Stage Right…or Not with Michele Willens: Hanks Does Shakespeare

The stars sparkled last Friday in the premiere of the Shakespeare Center of Los Angeles’ production of “Henry IV” in the Japanese Garden of the West Los Angeles VA campus.

Joe Morton, better known as the devious Papa Pope on ABC’s dearly departed “Scandal,” played the title role with the same verbal force and regal majesty. “The New Adventures of Old Christine” alum Hamish Linklater imbued prodigal son Prince Hal with a boyishly anxious charm. And Academy Award winner Tom Hanks — donning a fat suit and a Gandalfian gray hairpiece — shined as Sir John Falstaff, the loveable and rotund rogue of Shakespearean lore, in his L.A. stage debut directed by Tony Award-winning director Daniel Sullivan.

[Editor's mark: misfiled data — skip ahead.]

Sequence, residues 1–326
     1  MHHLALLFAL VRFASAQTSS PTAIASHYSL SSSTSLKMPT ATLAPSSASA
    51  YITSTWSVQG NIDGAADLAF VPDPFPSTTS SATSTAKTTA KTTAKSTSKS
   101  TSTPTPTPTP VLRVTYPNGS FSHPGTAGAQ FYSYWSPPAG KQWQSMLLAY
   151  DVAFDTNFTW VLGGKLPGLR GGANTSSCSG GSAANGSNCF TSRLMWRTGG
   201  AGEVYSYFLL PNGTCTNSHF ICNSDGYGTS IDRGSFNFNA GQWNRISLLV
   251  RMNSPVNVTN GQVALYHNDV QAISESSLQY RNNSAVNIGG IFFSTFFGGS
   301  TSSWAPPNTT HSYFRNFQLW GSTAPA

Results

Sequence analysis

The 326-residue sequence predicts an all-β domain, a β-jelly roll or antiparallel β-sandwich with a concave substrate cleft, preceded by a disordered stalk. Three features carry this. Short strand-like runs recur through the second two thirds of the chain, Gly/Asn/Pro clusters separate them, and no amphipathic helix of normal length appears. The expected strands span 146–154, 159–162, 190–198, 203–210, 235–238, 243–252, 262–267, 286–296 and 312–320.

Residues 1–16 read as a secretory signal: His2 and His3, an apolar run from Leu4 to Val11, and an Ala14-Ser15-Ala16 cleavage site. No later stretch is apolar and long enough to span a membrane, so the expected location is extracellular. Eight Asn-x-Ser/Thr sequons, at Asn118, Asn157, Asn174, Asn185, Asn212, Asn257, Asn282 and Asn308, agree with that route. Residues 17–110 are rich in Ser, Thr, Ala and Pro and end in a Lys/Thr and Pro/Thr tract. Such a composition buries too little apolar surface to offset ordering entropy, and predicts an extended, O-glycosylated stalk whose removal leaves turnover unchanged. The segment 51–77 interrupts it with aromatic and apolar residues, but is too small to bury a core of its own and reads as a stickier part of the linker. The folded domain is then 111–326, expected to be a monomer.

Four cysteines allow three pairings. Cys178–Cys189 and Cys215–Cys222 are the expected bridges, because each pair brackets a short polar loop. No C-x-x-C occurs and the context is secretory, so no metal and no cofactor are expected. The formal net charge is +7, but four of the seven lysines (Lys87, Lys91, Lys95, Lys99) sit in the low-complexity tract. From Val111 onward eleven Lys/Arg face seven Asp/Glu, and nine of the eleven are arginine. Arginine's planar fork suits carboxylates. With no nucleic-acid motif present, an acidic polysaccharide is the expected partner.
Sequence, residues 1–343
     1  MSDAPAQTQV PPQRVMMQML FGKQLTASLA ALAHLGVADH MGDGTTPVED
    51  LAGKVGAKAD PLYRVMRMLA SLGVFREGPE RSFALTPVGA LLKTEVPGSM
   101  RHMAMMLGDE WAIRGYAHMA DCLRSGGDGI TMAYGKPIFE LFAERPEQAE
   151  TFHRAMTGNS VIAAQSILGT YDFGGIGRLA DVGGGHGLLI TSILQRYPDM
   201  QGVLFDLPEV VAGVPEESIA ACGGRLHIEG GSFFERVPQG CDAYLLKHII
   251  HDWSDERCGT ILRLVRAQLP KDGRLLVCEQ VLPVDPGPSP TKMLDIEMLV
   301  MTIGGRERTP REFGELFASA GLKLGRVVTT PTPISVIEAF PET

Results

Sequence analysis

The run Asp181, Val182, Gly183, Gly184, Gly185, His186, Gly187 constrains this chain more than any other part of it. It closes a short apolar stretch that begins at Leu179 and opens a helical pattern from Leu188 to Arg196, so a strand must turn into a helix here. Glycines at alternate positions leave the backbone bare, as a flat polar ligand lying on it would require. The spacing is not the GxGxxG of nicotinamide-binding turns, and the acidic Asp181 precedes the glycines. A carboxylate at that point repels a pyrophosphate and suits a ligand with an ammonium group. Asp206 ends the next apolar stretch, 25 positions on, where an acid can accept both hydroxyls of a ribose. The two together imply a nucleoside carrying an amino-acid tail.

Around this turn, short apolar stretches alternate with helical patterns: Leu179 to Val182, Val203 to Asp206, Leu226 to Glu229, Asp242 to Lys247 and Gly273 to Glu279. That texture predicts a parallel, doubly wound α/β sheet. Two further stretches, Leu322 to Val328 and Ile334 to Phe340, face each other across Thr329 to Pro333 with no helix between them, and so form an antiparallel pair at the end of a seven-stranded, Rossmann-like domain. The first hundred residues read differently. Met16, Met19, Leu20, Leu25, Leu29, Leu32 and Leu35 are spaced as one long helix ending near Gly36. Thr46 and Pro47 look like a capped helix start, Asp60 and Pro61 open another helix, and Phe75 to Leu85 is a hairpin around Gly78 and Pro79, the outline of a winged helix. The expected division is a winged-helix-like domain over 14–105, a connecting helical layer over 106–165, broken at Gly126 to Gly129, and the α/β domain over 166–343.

“For a lot of people, it wouldn’t be the role you would think of when you think of Tom Hanks,” Sullivan said over the phone on his way to an onstage rehearsal two weeks ago. “But he’s taken to it delightfully.”

L.A. critics agree. “A Falstaff for the ages” enthused Entertainment Weekly. “Worthy of applause all around,” wrote the Los Angeles Times, “… theatergoers seemed rapt by this Shakespearean vision, animated by acting royalty.”

Indeed, watching Hanks turn from bumbling drunkard to forlorn fatherly figure over the course of a star-studded evening was like watching a master class in Shakespearean acting. Henry IV may be king, but Hanks’ Falstaff is the ruler of this production.

Supporting his star power were a towering set of arches, a freshly manicured slope to serve as backdrop and a sturdy peninsula stage that was built, landscaped and assembled by 34 veterans in the Shakespeare Center of Los Angeles’ Veterans in Art program.


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